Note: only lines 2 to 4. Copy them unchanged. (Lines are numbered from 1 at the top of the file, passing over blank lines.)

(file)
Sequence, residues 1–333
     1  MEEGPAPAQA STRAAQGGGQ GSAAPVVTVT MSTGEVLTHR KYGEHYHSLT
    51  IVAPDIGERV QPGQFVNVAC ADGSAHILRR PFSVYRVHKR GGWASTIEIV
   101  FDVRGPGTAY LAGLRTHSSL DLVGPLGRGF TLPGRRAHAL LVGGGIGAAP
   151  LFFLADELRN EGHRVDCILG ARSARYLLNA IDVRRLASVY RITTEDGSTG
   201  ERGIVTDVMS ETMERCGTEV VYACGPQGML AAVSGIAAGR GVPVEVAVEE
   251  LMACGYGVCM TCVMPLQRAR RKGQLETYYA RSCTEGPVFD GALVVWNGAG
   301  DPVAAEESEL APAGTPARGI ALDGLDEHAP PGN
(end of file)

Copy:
     1  MEEGPAPAQA STRAAQGGGQ GSAAPVVTVT MSTGEVLTHR KYGEHYHSLT
    51  IVAPDIGERV QPGQFVNVAC ADGSAHILRR PFSVYRVHKR GGWASTIEIV
   101  FDVRGPGTAY LAGLRTHSSL DLVGPLGRGF TLPGRRAHAL LVGGGIGAAP